When indentured labour began entering Trinidad from India in 1845, the overwhelming majority of these people were Hindus with a small number of Muslims.
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Politics blamed for small crowd at Memorial Park
Politics was identified as a major reason why large crowds did not turn up for the Trinidad leg of the funeral of Arthur NR Robinson. The reason was given by a handful of mostly senior citizens who occupied a few of the chairs arranged for a large crowd under a huge tent in front a big screen in Memorial Park, Port-of-Spain, yesterday. The screen was erected to televise live the funeral at the National Academy for the Performing Arts opposite. Althea Lyder, a Tobagonian, who has been living in Trinidad since Hurricane Flora devastated the island in 1963, said she always looked up to Robinson as a leader but was disappointed at the small showing of Trinidadians at Memorial Park.
Aside from schoolchildren, who made up the hundreds, only a smattering of adults turned up at the park. “I think it will be different in Tobago. People in Trinidad not showing support. There were long lines for Ellis (deceased president Sir Ellis Clarke),” Lyder said. “I think people in Trinidad didn’t appreciate how he took away the COLA,” she said, referring to the Cost of Living Allowance that the Robinson-led National Alliance for Reconstruction took away as part of austerity measures during the economic recession of the 1980s. Kenneth Payne, 69, who said he endorsed the National Alliance for Reconstruction, which Jamaat al Muslimeen insurgents sought to overthrow in July 1990, came from Tunapuna to watch the service on the big screen.
“Politics, plain and simple,” he said, answering why there wasn’t a bigger crowd there. “People didn’t come because they didn’t want to be associated with this. But you will never get a political leader like Robinson,” he added.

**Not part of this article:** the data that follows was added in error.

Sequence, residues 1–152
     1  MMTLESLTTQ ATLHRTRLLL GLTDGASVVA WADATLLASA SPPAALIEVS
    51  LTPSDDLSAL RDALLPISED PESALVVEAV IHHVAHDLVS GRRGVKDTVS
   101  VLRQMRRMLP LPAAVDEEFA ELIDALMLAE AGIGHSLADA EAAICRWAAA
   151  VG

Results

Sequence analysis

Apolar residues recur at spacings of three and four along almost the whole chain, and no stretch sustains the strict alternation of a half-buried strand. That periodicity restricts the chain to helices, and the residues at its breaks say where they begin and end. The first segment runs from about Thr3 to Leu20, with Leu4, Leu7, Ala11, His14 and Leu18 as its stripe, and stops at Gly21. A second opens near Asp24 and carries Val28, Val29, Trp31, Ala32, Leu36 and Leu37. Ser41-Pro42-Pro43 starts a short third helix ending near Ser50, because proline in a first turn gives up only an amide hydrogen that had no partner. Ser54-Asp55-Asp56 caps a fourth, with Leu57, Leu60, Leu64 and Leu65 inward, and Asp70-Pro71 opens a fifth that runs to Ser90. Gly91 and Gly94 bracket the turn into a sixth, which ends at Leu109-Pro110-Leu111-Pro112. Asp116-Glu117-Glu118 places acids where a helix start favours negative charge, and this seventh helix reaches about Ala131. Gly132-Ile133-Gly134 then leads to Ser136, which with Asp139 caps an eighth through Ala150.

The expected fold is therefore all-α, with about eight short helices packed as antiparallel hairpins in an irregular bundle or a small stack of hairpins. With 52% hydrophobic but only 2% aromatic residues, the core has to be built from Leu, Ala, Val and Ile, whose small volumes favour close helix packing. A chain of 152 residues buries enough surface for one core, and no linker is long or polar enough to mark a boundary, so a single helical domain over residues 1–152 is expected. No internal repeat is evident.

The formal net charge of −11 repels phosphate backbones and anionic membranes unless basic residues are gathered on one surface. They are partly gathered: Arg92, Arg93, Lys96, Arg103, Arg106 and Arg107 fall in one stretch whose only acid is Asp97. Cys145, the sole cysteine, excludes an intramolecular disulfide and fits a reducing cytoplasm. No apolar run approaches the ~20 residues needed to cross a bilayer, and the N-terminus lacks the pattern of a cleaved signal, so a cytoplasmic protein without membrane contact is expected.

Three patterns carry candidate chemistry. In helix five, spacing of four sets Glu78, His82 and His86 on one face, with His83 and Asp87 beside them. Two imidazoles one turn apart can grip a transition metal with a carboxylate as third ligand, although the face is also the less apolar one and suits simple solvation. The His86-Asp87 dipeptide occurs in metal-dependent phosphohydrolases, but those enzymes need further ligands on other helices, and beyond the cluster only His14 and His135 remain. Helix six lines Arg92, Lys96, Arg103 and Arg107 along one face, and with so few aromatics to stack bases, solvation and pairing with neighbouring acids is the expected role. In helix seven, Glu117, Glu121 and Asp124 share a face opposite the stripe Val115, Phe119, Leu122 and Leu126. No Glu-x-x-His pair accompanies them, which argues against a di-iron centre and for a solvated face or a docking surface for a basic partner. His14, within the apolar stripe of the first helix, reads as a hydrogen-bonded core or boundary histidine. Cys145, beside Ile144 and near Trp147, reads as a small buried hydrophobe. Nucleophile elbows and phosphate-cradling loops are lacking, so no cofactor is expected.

Zora Rahamut, of Chaguanas, wearing a huge hat, also said: “I think people didn’t come for political reasons.” Leatrice Burke, 61, a Vincentian living in Trinidad, came to the service because when they were sending Vincentians back home, Robinson made provisions for them to get citizenship, she said. “Thanks to him, me and my whole family are citizens of Trinidad,” Burke, of Laventille, said. She felt the fact that Robinson’s body was kept inside a covered casket kept people away. “Plenty people were talking about this around town,” she added. A 61-year-old man wearing a red, white and black knitted cap and a grey suit, identified himself as “The Risk Factor.” He said he was called that because he was willing to take any risk for Jesus Christ.
Only after some pleading did he give his real name, Kenneth MacDonald, and said he had worked as a clerk/driver for one of Robinson’s ministers.
He said Robinson almost gave his life for this country and Jesus actually did. MacDonald pulled out several hats from a bag and showed them to the T&T Guardian, saying he wore them for different occasions. “Right now, I representing the country,” he explained. Alban David, of Chaguanas, dressed in a gaily-coloured shirt and a straw hat, said if the Government had sent buses for people they would have come.“But they forget the community. They make it look like a big-boy thing.”
Robinson’s body was flown to Tobago yesterday evening and will lie in state at the Tobago House of Assembly Legislative Chamber today. A second funeral service, hosted by the State, will be held at the Dwight Yorke Stadium tomorrow. In the evening, there will be a final procession from Shaw Park to the Methodist Church Cemetery, Bacolet, where the Tobago-born Robinson will be buried.